My first encounter with Jhumpa Lahiri was through a college book program that encouraged all first-year students to read The Namesake, a book about forging an identity when one becomes lost amid the ebb and flow of social expectation. That novel, a perfect read for freshman students, was an odd choice for me, an orientation leader and a third-year who felt entirely knowledgeable about the conceptualization of my personhood. But sitting with fresh-faced women who were eager to define themselves in a way that the terrors of high school had not made me realize that the novel broadened not only the way I understood myself (and in fact, that I wasn’t sure of myself at all) but also the way I saw myself in relation to those around me. It was the first time Jhumpa Lahiri impressed me, but it wouldn’t be the last.
Her most recent novel, The Lowland, is an exceptional tale that spans the life of two young brothers, Subhash and Udayan Mitra, who grow up in a small village near Calcutta. Born fifteen months apart, the two brothers act more like twins: they are inseparable, playing together from the minute they wake up and lying down next to each other at night. Their appreciation for one another is beautiful, it projects the image of a perfect childhood, not filled with wealth and travel, but with the ease of companionship, a total lack of loneliness.
After they complete high school, the brothers enter separate universities. Udayan becomes fascinated by the idea of joining a communist party for India; he is enchanted by the movement in China, and by the great leader, Mao. During the 1960s, Udayan observes the beginnings of a rebellion to diminish Indian poverty and create a better life for his people, his family and friends. He is entranced by the idea of self-determined liberty and begins plotting his own personal activism, eventually joining the new wave of political action.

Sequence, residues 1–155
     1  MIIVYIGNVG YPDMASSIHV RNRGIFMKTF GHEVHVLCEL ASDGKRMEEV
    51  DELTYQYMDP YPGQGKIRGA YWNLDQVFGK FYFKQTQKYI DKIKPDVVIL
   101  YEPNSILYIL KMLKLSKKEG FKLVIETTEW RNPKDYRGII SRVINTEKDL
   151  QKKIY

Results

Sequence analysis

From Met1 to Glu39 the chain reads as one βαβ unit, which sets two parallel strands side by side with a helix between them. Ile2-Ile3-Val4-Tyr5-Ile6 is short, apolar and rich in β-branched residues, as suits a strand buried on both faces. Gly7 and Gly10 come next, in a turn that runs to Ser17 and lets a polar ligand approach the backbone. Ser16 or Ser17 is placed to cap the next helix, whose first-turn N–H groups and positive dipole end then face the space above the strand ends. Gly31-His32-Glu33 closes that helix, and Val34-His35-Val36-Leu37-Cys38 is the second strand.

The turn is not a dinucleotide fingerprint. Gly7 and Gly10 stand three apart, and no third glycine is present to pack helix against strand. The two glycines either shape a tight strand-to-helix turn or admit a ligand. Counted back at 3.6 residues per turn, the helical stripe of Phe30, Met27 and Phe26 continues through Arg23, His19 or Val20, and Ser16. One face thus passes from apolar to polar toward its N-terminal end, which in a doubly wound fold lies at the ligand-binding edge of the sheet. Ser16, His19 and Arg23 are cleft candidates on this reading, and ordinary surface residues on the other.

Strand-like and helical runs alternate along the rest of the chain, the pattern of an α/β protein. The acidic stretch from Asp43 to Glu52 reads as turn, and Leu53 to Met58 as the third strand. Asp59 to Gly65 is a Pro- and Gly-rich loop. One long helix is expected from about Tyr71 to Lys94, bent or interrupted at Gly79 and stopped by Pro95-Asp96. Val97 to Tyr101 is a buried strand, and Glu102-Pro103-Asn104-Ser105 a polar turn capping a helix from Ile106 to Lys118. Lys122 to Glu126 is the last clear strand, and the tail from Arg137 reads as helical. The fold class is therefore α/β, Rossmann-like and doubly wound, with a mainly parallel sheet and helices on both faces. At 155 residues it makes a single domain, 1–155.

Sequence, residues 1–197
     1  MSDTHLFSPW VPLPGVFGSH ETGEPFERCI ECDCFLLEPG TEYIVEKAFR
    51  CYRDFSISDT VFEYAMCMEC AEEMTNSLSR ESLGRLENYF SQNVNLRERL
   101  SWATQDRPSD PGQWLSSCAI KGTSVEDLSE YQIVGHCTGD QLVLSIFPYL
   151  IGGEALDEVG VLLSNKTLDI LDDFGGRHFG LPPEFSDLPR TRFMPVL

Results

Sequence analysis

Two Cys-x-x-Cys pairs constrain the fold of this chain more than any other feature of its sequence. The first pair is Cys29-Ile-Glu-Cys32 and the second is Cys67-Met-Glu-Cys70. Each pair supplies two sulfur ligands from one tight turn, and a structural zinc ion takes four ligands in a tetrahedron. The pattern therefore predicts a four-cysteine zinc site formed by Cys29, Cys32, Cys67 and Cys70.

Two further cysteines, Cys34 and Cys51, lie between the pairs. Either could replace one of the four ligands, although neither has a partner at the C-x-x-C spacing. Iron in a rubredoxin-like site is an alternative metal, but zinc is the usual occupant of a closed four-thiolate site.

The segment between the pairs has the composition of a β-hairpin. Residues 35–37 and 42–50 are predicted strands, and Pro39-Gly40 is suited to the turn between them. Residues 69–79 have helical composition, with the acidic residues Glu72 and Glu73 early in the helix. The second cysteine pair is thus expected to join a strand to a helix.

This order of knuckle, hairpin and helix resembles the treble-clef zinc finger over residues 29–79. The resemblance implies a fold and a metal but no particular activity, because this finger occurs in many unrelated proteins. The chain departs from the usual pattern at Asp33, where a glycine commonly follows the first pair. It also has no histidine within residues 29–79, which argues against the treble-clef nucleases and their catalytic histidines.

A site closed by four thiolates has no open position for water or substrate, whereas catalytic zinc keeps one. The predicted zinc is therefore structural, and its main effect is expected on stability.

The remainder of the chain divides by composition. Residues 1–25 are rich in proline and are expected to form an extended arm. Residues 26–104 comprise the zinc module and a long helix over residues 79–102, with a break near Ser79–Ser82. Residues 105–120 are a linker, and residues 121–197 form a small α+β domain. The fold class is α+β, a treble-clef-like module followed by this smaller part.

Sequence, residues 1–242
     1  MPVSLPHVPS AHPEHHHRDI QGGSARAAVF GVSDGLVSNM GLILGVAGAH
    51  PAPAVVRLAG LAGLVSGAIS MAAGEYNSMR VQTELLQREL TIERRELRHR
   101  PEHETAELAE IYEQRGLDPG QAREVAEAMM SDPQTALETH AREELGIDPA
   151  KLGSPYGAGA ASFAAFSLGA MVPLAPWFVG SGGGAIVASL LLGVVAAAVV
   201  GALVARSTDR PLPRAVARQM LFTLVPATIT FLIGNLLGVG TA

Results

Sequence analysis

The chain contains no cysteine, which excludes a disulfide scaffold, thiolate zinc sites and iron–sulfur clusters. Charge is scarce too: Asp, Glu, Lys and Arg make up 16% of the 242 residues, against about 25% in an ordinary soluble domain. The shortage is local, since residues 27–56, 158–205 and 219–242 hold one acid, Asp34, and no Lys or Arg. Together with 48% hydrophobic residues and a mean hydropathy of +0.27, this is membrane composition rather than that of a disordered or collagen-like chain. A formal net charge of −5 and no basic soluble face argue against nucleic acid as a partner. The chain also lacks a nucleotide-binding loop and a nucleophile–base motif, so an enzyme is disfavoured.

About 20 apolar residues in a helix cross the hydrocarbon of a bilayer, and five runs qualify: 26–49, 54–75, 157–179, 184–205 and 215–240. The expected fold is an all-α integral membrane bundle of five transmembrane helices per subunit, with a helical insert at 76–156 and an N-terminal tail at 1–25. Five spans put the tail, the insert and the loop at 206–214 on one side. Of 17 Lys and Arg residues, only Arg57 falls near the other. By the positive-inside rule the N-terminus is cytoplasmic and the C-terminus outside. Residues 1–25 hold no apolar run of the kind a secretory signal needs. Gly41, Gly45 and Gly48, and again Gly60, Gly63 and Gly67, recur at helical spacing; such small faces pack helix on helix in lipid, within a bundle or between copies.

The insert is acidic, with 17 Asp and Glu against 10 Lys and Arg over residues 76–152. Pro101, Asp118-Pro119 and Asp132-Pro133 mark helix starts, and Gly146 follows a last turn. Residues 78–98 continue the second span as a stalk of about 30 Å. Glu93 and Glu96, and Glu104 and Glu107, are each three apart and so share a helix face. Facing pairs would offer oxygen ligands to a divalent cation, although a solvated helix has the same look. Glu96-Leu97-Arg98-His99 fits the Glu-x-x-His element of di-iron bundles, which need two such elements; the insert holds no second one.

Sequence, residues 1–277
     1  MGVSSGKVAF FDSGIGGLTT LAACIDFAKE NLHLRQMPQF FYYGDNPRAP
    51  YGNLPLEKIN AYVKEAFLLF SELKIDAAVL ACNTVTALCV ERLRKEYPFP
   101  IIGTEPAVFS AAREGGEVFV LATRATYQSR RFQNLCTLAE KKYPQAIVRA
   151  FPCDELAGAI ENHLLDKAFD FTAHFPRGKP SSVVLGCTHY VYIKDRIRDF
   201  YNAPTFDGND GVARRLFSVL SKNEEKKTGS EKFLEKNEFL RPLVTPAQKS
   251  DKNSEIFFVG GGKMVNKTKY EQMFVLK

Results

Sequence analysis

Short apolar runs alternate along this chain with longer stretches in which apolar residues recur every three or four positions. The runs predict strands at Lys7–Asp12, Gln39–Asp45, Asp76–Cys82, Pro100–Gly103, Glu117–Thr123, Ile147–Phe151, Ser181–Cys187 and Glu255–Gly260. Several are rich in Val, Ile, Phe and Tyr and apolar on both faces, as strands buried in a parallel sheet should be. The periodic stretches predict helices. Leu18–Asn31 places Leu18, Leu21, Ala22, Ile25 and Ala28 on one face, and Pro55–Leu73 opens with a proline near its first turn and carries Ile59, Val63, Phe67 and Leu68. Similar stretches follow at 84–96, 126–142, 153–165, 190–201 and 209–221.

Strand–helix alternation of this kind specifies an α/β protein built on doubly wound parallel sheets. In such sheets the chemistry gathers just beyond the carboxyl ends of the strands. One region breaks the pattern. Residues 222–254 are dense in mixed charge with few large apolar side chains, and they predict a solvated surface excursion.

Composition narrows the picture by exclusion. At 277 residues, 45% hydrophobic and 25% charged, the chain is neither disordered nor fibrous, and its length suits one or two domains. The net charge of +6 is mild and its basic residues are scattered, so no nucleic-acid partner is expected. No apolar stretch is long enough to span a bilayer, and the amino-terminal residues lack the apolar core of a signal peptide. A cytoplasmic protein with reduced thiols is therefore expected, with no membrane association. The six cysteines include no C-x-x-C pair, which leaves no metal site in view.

Of an entirely different mindset, Subhash simply wants peace and prosperity. He enjoys the exploration and discovery that comes from the study of academia. Uneasy at the idea of Udayan’s violent political tendencies, Subhash grows apart from his brother. Eventually he leaves India for a graduate program in the United States. He moves to Rhode Island, a place completely different from home, and learns to live away from his family.
It is after Subhash’s move that the book begins to spin a new kind of tale. Gone from their lives is the feeling of safety in silent communication, instead, the men communicate only by letter and their words never convey their personal sentiments about the political uprising in India. As a reader, I was frustrated by the brothers: for so long they knew nothing else but each other, so why was it that when life got in the way, neither sought help from their most trusted safety source, each other?
At Brown University, it becomes clear that Subhash is too far removed from his family back home. He learns that Udayan has married and subsequently that he has been killed. Subhash, the rational, reasonable brother feels as though his world is crashing down. He returns to India after Udayan’s death, to meet and marry his brother’s wife, taking care of the things that Udayan has left behind. Deciding to return back to the United States, Subhash brings his new wife with him to take on a new life there, together.
But Gauri, the fiery, beautiful woman whom Udayan left behind, is not satisfied by Subhash. He is not his brother and their lives will never be as fulfilling as her activist life with Udayan, she thinks. Unhappy, the two forge ahead, learning to pave different paths, side-by-side but never together, never as true companions.
While tragedy is an underlying theme throughout the novel, Lahiri’s beautiful prose creates a riveting story full of characters you come to love and sympathize with. It is a story about reflection and forgiveness, about growth and knowledge. The Lowland teaches the reader that even as time passes, grief does not disappear but simply numbs the consciousness, forging a new way of living.
The Lowland proved to be one of the best books I had picked up in a while. It unsettled, even rattled me, but then exposed me to a peaceful sense of understanding and appreciation for my own, tempestuous life. I was always eager to pick it back up again; it was a story that did not fade from my mind or memory. Subhash and Gauri’s story is wracked with sadness but filled with hope; a relatable, emotional experience. As with The Namesake, Lahiri manages to find concepts that can appeal and apply to anyone, and both novels will change your sense of self—guaranteed.